Obstructive shock develops when a physical obstruction to blood flow occurs with a decreased CO. This can be caused from a restriction to diastolic filling of the right ventricle due to compression (e.g., cardiac tamponade, tension pneumothorax, superior vena cava syndrome). Other causes include abdominal compartment syndrome in which increased abdominal pressures compress the inferior vena cava decreasing venous return to the heart Pulmonary embolism and left ventricular thrombi cause an outflow obstruction as blood leaves the right ventricle through the pulmonary artery. This leads to decreased blood flow to the lungs, as well as decreased blood return to the left atrium. Patients experience a decreased CO, increased afterload, and variable left ventricular filling pressures depending on the obstruction. Other clinical signs include jugular vein distention and pulsus paradoxus
Stages of Shock
In addition to understanding the underlying pathogenesis of the type of shock that the patient is experiencing, monitoring and management are guided by knowing where the patient is on the shock “continuum.” This continuum begins with the initial stage of shock that occurs at a cellular level and is usually not clinically apparent. Metabolism changes at the cellular level from aerobic to anaerobic, causing lactic acid buildup. Lactic acid is a waste product that is removed by the liver. However, this process requires oxygen, which is unavailable because of the decrease in tissue perfusion. Shock is categorized into three clinically apparent but overlapping stages: the compensatory stage, the progressive stage, and the irreversible stage
In the compensatory stage, the body activates neural, hormonal, and biochemical compensatory mechanisms in an attempt to overcome the increasing consequences of anaerobic metabolism and to maintain homeostasis patient’s clinical presentation begins to reflect the body’s responses to the imbalance in oxygen supply and demand classic signs of shock is a drop in blood pressure (BP), which occurs because of a decrease in CO and a narrowing of the pulse pressure. The baroreceptors in the carotid and aortic bodies immediately respond by activating the SNS. The SNS stimulates vasoconstriction and the release of the potent vasoconstrictors epinephrine and norepinephrine. Blood flow to the most essential (vital) organs, the heart and the brain, is maintained, while blood flow to the nonvital organs, such as the kidneys, GI tract, skin, and lungs, is diverted or shunted. myocardium responds to the SNS stimulation and the increase in oxygen demand by increasing the heart rate and contractility. However, increased contractility increases myocardial oxygen consumption.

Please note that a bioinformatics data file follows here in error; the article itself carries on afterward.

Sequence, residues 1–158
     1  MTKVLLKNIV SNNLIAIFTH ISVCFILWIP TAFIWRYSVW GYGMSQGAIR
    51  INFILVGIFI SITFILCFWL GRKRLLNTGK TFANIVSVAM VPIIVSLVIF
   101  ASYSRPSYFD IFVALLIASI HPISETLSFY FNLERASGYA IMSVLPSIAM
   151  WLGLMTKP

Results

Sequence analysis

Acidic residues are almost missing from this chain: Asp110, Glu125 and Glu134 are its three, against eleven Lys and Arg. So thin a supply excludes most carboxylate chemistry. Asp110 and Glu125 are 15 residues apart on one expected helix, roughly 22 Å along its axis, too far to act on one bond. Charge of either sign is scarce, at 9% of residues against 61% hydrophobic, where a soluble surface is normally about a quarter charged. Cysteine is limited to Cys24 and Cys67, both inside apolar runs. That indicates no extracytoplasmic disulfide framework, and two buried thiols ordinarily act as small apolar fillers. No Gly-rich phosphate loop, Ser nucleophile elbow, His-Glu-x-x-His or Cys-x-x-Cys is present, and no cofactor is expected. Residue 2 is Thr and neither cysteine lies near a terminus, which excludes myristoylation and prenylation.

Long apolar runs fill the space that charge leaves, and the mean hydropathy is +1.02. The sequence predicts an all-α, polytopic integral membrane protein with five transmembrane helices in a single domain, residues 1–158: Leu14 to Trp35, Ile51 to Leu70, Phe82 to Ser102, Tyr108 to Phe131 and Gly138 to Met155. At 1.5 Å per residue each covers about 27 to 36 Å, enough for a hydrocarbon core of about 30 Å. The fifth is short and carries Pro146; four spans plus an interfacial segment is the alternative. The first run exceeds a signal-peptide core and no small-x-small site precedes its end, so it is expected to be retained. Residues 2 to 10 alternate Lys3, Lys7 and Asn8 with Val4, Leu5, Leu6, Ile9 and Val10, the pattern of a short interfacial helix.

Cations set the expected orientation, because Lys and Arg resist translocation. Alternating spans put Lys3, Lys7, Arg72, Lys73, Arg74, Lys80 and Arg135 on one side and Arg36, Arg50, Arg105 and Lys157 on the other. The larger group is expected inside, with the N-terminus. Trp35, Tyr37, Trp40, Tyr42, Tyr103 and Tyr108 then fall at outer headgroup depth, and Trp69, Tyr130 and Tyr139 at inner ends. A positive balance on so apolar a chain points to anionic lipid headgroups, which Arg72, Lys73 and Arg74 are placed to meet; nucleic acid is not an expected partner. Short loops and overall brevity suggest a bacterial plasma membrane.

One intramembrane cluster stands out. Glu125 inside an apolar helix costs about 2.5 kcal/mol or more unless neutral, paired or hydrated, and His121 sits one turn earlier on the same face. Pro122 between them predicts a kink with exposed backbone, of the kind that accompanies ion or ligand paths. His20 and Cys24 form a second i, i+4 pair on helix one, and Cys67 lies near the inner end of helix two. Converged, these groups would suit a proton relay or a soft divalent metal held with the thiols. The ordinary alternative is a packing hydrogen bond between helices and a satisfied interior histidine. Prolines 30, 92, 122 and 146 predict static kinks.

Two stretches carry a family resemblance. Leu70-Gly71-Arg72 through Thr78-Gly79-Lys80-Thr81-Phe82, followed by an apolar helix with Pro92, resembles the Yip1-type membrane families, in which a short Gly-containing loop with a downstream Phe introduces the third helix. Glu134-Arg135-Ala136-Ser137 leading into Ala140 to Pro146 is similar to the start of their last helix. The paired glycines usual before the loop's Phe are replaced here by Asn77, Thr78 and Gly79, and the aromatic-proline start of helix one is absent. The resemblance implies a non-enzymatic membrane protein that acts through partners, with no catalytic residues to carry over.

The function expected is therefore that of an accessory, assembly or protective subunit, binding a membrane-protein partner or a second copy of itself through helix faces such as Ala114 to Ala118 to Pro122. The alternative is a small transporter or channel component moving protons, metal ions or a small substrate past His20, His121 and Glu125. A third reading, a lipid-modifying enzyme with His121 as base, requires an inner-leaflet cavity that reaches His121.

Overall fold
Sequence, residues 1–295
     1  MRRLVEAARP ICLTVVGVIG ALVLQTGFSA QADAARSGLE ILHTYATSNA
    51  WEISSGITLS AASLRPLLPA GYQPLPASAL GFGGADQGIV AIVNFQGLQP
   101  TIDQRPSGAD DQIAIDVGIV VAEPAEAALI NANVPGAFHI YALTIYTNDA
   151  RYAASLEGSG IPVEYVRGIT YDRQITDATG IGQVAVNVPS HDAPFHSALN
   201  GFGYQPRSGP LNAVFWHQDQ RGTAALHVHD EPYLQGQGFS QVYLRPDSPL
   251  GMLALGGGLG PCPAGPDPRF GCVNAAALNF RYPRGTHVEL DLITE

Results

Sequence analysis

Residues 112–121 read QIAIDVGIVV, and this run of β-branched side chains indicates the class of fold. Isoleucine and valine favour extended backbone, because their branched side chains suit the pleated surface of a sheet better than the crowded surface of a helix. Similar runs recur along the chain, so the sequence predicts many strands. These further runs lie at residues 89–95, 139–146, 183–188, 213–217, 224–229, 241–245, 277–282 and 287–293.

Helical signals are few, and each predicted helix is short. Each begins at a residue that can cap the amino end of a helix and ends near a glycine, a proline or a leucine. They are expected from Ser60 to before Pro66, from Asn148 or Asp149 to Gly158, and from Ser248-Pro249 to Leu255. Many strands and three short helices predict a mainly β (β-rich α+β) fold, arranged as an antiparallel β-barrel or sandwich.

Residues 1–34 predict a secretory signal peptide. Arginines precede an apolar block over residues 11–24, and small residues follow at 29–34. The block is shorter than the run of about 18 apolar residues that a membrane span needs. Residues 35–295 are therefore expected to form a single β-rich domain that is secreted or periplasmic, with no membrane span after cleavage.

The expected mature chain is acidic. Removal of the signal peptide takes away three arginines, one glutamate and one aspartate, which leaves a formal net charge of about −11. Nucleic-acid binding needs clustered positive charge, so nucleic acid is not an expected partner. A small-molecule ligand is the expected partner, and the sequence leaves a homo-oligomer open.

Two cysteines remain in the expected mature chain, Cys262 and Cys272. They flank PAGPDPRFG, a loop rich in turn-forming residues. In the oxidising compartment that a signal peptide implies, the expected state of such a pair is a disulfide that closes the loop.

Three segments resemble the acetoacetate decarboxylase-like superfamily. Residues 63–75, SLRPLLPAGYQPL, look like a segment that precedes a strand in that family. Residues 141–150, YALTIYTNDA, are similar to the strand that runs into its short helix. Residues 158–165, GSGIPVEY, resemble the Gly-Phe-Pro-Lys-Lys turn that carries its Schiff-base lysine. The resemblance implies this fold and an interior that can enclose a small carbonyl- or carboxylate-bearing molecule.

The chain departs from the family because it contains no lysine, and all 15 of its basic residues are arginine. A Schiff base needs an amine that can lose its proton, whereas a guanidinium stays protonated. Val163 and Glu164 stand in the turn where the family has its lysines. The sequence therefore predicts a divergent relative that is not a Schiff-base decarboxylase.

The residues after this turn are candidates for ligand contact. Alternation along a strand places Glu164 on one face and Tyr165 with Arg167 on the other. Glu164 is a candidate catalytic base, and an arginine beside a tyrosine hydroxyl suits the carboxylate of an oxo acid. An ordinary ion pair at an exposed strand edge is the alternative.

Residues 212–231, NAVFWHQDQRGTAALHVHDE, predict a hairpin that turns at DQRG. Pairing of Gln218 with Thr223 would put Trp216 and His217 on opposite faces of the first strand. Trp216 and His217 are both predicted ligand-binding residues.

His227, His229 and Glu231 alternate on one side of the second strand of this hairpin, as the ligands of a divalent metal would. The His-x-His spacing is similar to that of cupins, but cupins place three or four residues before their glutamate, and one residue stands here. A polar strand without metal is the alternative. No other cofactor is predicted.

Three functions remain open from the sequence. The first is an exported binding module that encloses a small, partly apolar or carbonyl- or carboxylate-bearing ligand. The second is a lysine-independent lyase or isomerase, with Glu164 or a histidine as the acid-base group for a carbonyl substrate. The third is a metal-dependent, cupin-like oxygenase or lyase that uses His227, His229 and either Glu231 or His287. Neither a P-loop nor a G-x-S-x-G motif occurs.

The coronary arteries dilate in an attempt to meet the increased oxygen demands of the myocardium. Shunting blood away from the lungs has an important clinical effect in the patient in shock. Decreased blood flow to the lungs increases the patient’s physiologic dead space. Physiologic dead space is the anatomic dead space (the amount of air that will not reach gas-exchanging units) and any inspired air that cannot participate in gas exchange. The clinical result of an increase in dead space ventilation is a ventilation-perfusion mismatch. There will be areas of the lungs participating in ventilation that will not be perfused because of the decreased blood flow to the lungs. Arterial oxygen levels will decrease, and the patient will have a compensatory increase in the rate and depth of respirations The shunting of blood from other organ systems also results in clinically important changes. The decrease in blood flow to the GI tract results in impaired motility and a slowing of peristalsis.
This increases the risk for the development of a paralytic ileus. Decreased blood flow to the skin results in the patient feeling cool and clammy Decreased blood flow to the kidneys activates the renin-angiotensin system. Renin stimulates angiotensinogen to produce angiotensin I, which is then converted to angiotensin II (see Fig. 45-4). Angiotensin II is a potent vasoconstrictor that causes both arterial and venous vasoconstriction. The net result is an increase in venous return to the heart and an increase in BP. Angiotensin II also stimulates the adrenal cortex to release aldosterone. This results in sodium and water reabsorption, and potassium excretion by the kidneys.